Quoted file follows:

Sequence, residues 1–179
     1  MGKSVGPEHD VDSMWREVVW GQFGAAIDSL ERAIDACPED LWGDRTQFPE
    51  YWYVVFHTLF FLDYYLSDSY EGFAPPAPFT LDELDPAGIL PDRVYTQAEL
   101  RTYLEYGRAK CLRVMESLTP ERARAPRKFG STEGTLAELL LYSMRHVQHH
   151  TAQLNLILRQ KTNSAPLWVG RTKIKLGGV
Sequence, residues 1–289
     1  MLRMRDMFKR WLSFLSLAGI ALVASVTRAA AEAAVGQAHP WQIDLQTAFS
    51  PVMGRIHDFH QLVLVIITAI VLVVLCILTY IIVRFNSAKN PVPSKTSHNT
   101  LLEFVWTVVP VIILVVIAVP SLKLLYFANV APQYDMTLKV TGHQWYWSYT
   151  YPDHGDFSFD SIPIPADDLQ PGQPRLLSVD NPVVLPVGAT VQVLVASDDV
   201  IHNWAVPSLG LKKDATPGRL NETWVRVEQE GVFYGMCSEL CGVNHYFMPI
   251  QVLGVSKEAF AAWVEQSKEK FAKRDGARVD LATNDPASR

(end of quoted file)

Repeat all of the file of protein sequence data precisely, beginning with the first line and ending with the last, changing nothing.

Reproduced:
Sequence, residues 1–179
     1  MGKSVGPEHD VDSMWREVVW GQFGAAIDSL ERAIDACPED LWGDRTQFPE
    51  YWYVVFHTLF FLDYYLSDSY EGFAPPAPFT LDELDPAGIL PDRVYTQAEL
   101  RTYLEYGRAK CLRVMESLTP ERARAPRKFG STEGTLAELL LYSMRHVQHH
   151  TAQLNLILRQ KTNSAPLWVG RTKIKLGGV
Sequence, residues 1–289
     1  MLRMRDMFKR WLSFLSLAGI ALVASVTRAA AEAAVGQAHP WQIDLQTAFS
    51  PVMGRIHDFH QLVLVIITAI VLVVLCILTY IIVRFNSAKN PVPSKTSHNT
   101  LLEFVWTVVP VIILVVIAVP SLKLLYFANV APQYDMTLKV TGHQWYWSYT
   151  YPDHGDFSFD SIPIPADDLQ PGQPRLLSVD NPVVLPVGAT VQVLVASDDV
   201  IHNWAVPSLG LKKDATPGRL NETWVRVEQE GVFYGMCSEL CGVNHYFMPI
   251  QVLGVSKEAF AAWVEQSKEK FAKRDGARVD LATNDPASR